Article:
The aggressive expansion of China, re-emergence of Russia and the growth of Southeast Asian markets are compelling indications of the real demand for revitalizing ancient trade relations between Europe and Asia. This call for the renewal of old ties provides Central Asia, once a backyard of the Soviet Union, a unique opportunity to rebuild itself as a gateway to both continents and at the same time improve the standard of living in the region.
The Central Asia Regional Economic Cooperation plays a critical role in spearheading this endeavor. CAREC is a program that facilitates project-based cooperation in transport, trade, energy and other major sectors. It is a partnership between 10 countries (Afghanistan, Azerbaijan, the People’s Republic of China, Kazakhstan, the Kyrgyz Republic, Mongolia, Pakistan, Tajikistan, Turkmenistan, and Uzbekistan) and six multilateral institutions (Asian Development Bank, European Bank for Reconstruction and Development, International Monetary Fund, Islamic Development Bank, United Nations Development Program and World Bank). ADB acts as the program’s secretariat. Since 2001, the program has mobilized almost $17 billion worth of investments in energizing various sectors in the region. With reducing poverty through trade facilitation and job creation as its goals, CAREC is developing a seamless network of six corridors that will interconnect its landlocked countries and raise the region’s transport infrastructure to international standards by 2017.
Despite CAREC’s expected benefits, analysts are quick to take note of the issues and challenges that come with the program. Fragile local industries that have been relatively isolated in the past might not survive the competition that integration brings. Also, national governments might be reluctant to sign future cooperative agreements as they would have to reduce tariff and other trade revenues.
Nonetheless, the six-corridor program is currently being implemented. Its procurement activities are mainly handled by ADB and the World Bank, which both have transport expenditures of more than 20 percent of their aid in the last two years. Since 2007, Devex has recorded 126 projects and tenders that are related to the construction of the six corridors. Companies that are based both from inside and outside Central Asia are participants in the program. Some of them are the U.S.-based TERA International Group, Korean firm DOHWA Consulting Engineers, and Uzbekistan-based Rhythm Plus Consulting Co. Below is a summary of the program’s components.
Corridor 1: Europe - East Asia
With a current budget of $4.54 billion, Corridor 1 links the Russian Federation and China through infrastructure built in Kazakhstan and Kyrgyzstan. A notable component of this corridor is a road rehabilitation project in Kazakhstan, a country bordering northwestern China’s Xinjiang province. Xinjiang serves as a doorway for Eastern European goods into the Chinese and Southeast Asian markets. In total, Corridor 1 is comprised of 13,600 kilometers of roads and 12,000 of railways, one logistics center, and three airports.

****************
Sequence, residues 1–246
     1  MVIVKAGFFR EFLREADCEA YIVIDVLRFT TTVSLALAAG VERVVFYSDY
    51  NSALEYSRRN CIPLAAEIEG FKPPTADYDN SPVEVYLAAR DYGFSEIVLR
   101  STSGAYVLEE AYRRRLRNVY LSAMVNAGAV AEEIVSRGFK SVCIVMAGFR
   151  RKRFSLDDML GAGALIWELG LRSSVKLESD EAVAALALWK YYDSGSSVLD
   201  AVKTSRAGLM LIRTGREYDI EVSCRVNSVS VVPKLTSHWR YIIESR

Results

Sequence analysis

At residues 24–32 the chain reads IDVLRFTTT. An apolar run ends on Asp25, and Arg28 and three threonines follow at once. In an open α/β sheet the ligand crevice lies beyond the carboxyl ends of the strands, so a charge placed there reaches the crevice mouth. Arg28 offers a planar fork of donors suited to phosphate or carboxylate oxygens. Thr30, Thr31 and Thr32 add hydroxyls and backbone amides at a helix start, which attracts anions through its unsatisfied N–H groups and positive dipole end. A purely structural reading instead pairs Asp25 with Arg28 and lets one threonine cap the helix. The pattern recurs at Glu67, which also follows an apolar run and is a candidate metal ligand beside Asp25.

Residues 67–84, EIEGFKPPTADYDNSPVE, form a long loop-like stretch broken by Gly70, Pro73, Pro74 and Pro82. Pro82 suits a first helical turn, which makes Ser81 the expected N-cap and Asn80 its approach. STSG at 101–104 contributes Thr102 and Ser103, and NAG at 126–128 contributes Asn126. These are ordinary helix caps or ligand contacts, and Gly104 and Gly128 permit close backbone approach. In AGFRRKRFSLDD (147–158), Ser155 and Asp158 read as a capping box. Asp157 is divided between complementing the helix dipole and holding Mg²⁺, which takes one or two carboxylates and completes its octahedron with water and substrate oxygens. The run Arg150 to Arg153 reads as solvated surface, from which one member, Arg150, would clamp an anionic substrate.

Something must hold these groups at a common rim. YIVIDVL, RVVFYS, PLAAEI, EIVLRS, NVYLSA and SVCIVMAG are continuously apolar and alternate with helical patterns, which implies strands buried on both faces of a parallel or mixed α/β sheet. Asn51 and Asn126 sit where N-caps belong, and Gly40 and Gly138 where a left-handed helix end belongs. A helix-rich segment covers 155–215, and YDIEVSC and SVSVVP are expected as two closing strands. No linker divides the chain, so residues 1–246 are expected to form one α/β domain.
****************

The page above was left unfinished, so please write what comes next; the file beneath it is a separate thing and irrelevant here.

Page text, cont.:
Corridor 2: Mediterranean - East Asia
Corridor 2 connects East Asia to Mediterranean countries via Azerbaijan, where the Baku International Sea Trade Port is located. The sea port is crucial because it hosts most shipping operations that transport goods from China to Turkey. With China continuously implementing its “Go West” policy, trade activities will continue to take place along this corridor. Corridor 2 has a current budget of $4.76 billion and is comprised of 9,900 kilometers of roads and 9,700 kilometers of railways.
Corridor 3: Russian Federation - Middle East and South Asia
With an ongoing funding of $1.35 billion, Corridor 3 aims to bolster eastern Russia’s trade relations with the Middle East using Iran as a point of entry. This connection will benefit Central Asian countries where infrastructure is built to link the two regions. Road construction in countries like Kazakhstan and Tajikistan are some of the components of this corridor. Overall, Corridor 3 has 6,000 kilometers of roads and 4,800 kilometers of railways.
Corridor 4: Russian Federation - East Asia
Corridor 4 is strengthening the trade relations between Russia and China via Mongolia. Located in between these two large economies, CAREC is developing bus transport programs in Mongolia to ensure that the country becomes a viable economic intersection. With the smallest budget compared to the rest, Corridor 4 has $289 million at its disposal in constructing 2,400 kilometers of roads and 1,100 kilometers of railways.
Corridor 5: East Asia - Middle East and South Asia
With the second lowest budget of $922 million, Corridor 5 is improving Chinese trade relations with the Middle East and South Asia using Central Asia as a junction. The crucial component in this corridor is Afghanistan, which would ensure the smooth arrival of Chinese goods in Iran, Pakistan and possibly to the rest of the Middle East. In sum, Corridor 5 has 3,700 kilometers of roads and 2,000 kilometers of railways.
Corridor 6: Europe - Middle East and South Asia
Just like Corridor 3, this corridor attempts to take advantage of Russia’s growth by linking the country to the Middle East via Central Asia. If Corridor 3 focuses on Siberia or Eastern Russia, Corridor 6, with a budget of $3.84 billion, has its starting point in the western part of the country. Using Iran again as a gateway to the Middle East, western Russia will be able to move its goods by passing through a total of 10,600 kilometers of roads and 7,200 kilometers of railways located in Central Asian countries.